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In this latter JD, however, the {SNAME,CITY} component is irrelevant: It's a proper subset of another component,
and for that reason the corresponding projection isn't needed in the process of reconstructing the original relvar.
With the foregoing example by way of motivation, I can now give a precise definition of what it means for
some component to be irrelevant in some JD:
Definition: Let { X1 ,..., Xn } be a JD, J say; then Xi is irrelevant in J if and only if (a) there exists some Xj
in J such that Xi is a proper subset of Xj or (b ) there exists some Xj in J ( i < j ) such that Xi = Xj . 1
The reason for my choice of the term irrelevant here is as follows: If Xi is irrelevant in J , then every relation
that satisfies J also satisfies J′ , where J′ is derived from J by dropping Xi . What's more, the converse is true too:
Every relation that satisfies J′ also satisfies J . In other words, the JDs J and J′ are equivalent: Every relation that
satisfies either one necessarily satisfies the other one as well. As a consequence, irrelevant components can't just
always be dropped, they can always be added too, without significant effect.
So now we've seen that some JDs imply other JDs (just as some FDs imply other FDs). But irrelevant components
are far from being the end of the story. The next point is as follows (I've labeled it a theorem, but it's very obvious
and scarcely merits such a grand designation):
Theorem: Let J be a JD and let J′ be derived from J by replacing two components by their union. Then J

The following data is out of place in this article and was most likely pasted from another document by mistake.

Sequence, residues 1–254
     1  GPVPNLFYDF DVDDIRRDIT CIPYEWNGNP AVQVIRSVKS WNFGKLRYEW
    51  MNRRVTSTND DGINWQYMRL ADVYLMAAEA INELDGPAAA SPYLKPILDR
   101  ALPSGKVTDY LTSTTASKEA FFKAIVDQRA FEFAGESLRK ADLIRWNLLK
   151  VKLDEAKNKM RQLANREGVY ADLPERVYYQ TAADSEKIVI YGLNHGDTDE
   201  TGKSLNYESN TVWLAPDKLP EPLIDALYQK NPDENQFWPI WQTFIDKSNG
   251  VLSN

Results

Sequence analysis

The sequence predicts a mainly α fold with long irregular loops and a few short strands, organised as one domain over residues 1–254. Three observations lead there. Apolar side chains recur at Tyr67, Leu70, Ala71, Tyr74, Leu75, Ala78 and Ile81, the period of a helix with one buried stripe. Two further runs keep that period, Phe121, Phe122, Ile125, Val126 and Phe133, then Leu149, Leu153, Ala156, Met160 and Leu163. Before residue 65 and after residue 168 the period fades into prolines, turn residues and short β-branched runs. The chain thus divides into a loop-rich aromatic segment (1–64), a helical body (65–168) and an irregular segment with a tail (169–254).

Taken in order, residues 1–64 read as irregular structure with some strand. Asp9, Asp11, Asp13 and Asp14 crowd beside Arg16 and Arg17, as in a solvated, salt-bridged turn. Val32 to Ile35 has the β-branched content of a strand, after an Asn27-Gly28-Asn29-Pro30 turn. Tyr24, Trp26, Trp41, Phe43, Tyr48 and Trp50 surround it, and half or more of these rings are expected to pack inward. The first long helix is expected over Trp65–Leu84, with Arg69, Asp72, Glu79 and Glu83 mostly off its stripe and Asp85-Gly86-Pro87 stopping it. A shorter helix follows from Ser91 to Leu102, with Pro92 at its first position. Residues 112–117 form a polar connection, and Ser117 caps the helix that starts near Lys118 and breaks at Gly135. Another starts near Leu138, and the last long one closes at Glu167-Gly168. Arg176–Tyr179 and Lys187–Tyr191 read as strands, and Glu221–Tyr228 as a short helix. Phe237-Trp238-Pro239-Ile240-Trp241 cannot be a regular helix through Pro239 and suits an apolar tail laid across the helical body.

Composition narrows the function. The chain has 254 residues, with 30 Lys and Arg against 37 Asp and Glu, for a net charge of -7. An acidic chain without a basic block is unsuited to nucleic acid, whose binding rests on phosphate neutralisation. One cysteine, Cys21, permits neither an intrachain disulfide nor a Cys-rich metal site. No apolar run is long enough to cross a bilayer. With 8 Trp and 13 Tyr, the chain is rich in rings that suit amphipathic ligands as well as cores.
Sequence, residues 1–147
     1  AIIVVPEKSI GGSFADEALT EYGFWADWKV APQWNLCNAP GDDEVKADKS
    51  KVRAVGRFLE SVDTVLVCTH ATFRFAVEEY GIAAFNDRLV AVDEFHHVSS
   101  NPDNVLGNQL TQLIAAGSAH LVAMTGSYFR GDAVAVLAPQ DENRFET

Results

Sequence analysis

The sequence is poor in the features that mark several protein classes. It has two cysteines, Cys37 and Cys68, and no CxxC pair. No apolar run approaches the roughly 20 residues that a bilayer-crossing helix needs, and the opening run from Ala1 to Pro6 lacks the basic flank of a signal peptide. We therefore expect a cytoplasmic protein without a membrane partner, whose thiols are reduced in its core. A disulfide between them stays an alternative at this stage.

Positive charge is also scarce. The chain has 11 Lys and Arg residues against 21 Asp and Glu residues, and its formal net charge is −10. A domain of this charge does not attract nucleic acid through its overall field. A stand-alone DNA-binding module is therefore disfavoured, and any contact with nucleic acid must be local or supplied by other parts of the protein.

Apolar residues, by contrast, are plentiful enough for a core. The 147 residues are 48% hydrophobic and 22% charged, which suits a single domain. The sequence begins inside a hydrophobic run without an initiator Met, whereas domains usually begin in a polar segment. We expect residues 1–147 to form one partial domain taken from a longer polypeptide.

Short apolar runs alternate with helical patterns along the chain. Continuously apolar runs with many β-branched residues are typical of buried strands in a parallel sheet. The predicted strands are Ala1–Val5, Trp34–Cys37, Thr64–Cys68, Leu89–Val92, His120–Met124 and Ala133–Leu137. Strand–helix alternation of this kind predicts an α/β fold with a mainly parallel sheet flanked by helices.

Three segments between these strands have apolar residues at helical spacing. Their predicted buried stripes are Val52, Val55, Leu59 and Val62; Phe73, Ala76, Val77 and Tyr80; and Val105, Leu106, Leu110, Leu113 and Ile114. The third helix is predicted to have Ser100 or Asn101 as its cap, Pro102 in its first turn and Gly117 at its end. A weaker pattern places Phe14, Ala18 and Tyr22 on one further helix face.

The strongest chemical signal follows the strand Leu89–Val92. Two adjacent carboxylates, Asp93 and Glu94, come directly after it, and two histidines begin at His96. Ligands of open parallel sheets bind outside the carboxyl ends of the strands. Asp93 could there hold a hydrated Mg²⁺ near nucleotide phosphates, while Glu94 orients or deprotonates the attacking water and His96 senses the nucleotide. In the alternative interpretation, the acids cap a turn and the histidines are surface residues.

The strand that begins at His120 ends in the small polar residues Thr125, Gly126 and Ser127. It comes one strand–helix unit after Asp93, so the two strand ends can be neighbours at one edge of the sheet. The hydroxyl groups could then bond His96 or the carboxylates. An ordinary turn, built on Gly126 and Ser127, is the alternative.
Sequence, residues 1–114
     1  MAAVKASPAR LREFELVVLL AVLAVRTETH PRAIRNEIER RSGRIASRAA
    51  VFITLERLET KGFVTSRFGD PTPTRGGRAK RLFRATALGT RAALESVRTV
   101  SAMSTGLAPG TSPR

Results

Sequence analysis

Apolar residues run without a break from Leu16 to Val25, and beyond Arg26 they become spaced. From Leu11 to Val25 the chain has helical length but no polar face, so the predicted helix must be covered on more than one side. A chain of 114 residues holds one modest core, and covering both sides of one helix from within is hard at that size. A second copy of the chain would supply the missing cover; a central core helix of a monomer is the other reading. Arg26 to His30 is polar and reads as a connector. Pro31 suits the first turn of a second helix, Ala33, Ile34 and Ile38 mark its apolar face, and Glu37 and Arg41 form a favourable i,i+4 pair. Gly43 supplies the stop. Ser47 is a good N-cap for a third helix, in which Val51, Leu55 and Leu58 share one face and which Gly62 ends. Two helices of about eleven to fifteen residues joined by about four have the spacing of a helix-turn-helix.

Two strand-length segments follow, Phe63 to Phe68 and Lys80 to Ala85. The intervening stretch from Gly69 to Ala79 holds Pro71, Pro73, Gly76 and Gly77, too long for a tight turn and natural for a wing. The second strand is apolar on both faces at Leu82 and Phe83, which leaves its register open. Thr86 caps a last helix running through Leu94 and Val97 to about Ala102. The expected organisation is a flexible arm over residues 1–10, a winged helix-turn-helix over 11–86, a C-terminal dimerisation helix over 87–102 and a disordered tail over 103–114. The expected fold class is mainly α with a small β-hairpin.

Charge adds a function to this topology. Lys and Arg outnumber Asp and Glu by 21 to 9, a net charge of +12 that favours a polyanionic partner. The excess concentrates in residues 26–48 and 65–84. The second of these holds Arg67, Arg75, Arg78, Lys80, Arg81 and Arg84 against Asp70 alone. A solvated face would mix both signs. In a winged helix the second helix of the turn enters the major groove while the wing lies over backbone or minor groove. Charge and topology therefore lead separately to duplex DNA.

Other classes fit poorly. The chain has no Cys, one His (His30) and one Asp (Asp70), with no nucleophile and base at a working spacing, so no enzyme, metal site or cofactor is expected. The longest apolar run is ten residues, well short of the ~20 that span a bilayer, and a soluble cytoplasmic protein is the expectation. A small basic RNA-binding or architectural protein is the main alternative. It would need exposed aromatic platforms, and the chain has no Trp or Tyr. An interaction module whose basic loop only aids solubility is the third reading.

implies J′ (that is, every relation that satisfies J also satisfies J′ ).
By way of example, every legal value of relvar S satisfies the following JD (it's the JD from the previous
section, with an irrelevant component)─
{ { SNO , SNAME , CITY } , { CITY , STATUS } , { SNAME , CITY } }
─and therefore satisfies this one too:
{ { SNO , SNAME , CITY } , { CITY , STATUS , SNAME } }
Exercise: Check the validity of the foregoing claim for yourself─maybe even try to prove it, formally─if it isn't
immediately obvious. (Also, how many distinct JDs can be derived from the given one by combining components
in this manner?) Points arising:
I made use of the foregoing theorem, tacitly, when I explained the intuition behind the membership algorithm
(for testing whether a JD is implied by keys) in Chapter 10.
Observe that the theorem involves an implication, not an equivalence: J implies J′ , but the converse isn't
true─ J′ doesn't imply J , in general, and so J and J′ aren't equivalent (again, in general). Note: In fact this
point is easy to see: If we keep on replacing components by their union, we'll eventually obtain one that's
1 If we assume the components X1 , ..., Xn are all distinct, we can drop part (b) of this definition.
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